The Subaru Tecnica International (STI) division was created in the late 80’s to aid in the development of race cars for the FIA World Rally Championship. Subaru immediately made a name for itself in rallying, and the company decided to inject some of the STi technology into its street cars to capitalize on their success. Subaru’s highest performing street car, the WRX STi, features a sophisticated suspension derived from Subaru’s FIA World Rally Championship race cars
2004 STi’s were not equipped with any stereo or speakers. This was done as a weight-saving measure by Subaru. While a sound system was available as an option, it wasn’t cheap ($1000) and it was rarely ordered
The STi’s body kit was designed by none other than Peter Stevens, who is most famous for designing the McLaren F1 supercar. All aero pieces (not just the rear wing) are effective at creating the downforce
The large air scoop forces air through an intercooler, which feeds an IHI turbo pushing 14.5 lbs of boost. The system includes a driver-activated water mist system that can spray water onto the intercooler at the push of a button, reducing charge-air temperatures
The STi is much more than just a WRX with a bigger engine. The chassis is stiffened with additional crossmembers front and rear, and the unique forged aluminum BBS wheels house Brembo brakes front and rear. Even the Bridgestone Potenza tires were engineered specifically for the STi. Shocks, bushings, and sway bars are all upgraded over the stock WRX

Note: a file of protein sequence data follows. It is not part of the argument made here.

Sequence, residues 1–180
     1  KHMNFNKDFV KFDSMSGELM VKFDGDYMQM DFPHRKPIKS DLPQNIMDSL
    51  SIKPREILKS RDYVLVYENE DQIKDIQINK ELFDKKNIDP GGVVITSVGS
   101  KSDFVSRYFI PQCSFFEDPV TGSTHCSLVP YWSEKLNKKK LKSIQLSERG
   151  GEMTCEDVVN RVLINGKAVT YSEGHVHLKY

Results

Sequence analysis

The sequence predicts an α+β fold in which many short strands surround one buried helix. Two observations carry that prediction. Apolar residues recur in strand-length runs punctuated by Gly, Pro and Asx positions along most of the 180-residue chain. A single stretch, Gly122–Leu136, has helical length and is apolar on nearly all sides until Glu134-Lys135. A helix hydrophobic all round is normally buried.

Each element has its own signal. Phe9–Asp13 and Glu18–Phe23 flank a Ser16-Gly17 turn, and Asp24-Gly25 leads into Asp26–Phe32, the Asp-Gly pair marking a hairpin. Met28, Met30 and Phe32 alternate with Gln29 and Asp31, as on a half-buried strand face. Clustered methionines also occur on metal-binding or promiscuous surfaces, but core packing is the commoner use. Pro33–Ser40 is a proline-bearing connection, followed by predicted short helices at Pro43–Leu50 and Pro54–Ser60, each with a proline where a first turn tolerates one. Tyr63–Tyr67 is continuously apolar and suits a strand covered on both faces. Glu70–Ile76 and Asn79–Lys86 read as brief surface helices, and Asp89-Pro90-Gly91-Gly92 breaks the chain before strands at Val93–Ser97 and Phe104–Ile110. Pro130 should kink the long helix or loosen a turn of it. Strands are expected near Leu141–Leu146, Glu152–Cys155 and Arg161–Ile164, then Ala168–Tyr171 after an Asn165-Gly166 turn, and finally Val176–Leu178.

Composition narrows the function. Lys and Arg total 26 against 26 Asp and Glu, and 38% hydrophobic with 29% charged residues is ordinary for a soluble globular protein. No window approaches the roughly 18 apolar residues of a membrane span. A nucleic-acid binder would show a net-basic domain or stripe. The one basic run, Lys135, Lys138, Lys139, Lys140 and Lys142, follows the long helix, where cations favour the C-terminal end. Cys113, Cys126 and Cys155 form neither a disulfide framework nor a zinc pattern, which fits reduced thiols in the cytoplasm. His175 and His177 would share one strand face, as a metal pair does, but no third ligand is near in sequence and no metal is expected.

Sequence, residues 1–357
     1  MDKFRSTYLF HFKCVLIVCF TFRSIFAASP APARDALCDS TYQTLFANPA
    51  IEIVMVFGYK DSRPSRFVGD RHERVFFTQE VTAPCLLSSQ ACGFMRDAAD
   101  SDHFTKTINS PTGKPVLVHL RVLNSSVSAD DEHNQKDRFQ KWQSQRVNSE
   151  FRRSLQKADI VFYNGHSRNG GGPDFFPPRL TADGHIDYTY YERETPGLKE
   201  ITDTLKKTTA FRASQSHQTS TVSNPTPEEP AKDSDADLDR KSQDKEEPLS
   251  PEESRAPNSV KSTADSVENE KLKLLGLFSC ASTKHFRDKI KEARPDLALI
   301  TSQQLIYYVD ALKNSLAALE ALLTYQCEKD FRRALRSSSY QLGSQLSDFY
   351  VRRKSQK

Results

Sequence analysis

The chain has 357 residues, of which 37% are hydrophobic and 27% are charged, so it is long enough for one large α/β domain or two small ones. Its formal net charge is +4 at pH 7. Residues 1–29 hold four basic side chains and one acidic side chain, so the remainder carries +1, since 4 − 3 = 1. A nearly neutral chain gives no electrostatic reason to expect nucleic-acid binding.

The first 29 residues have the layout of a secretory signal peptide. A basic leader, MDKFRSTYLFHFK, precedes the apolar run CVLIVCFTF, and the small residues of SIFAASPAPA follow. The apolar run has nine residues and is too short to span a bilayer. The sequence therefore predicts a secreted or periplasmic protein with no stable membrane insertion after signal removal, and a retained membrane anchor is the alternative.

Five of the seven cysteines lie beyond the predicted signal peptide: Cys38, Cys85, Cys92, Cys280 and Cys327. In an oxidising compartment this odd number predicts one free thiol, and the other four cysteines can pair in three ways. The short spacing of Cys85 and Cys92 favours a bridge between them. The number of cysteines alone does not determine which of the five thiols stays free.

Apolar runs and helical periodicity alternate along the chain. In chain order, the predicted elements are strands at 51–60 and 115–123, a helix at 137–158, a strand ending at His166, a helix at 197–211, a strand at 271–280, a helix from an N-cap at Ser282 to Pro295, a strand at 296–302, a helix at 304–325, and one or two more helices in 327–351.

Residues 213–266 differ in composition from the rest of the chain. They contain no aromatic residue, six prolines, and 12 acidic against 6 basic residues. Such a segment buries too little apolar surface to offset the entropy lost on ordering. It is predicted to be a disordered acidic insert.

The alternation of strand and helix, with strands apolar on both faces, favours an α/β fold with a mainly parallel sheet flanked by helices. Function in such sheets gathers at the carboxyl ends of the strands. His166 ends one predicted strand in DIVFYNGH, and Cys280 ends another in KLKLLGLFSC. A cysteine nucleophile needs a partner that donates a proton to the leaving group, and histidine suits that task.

STI models receive their own STi-engineered close ratio 6spd manual. Lesser models use a 5spd. STI’s can not be optioned with an automatic transmission
The STI’s AWD system uses a planetary gear-type center differential (DCCD) that can vary the amount of lock depending on the mode selected by the driver. It works in harmony with an electronically controlled multi-plate clutch and a mechanical limited-slip differential to vary torque between the front and rear wheels. By default, power is split 35% front and 65% rear. Sensors monitor wheel slippage, steering angle, throttle position, and braking to help determine torque distribution and direct it to the wheels with the most traction
The Subaru’s EJ engine has been around for nearly two decades (and counting). These engines are famous for their distinctive exhaust rumble, which can be attributed to the EJ25’s unequal exhaust runner length. The exhaust gasses from two of the cylinders have to travel farther than the other two, leading to an unequal spacing between the exhaust pulses. The uneven pulse spacing gives the EJ an offbeat exhaust burble. The unusual firing order (1-3-2-4) also plays a role in the exhaust noise
Key Model Year Changes:
First year of the STi in the States. Nicknamed the “peanut” eye due to the design of the headlights. Of all the model years within this generation, the 2004 MY is the rawest and lightest. ’04 and ’05 models have the most RWD biased AWD systems (35/65 torque split, vs 41/59 on later cars)
This is the only model year to share the 5×100 bolt pattern with the regular WRX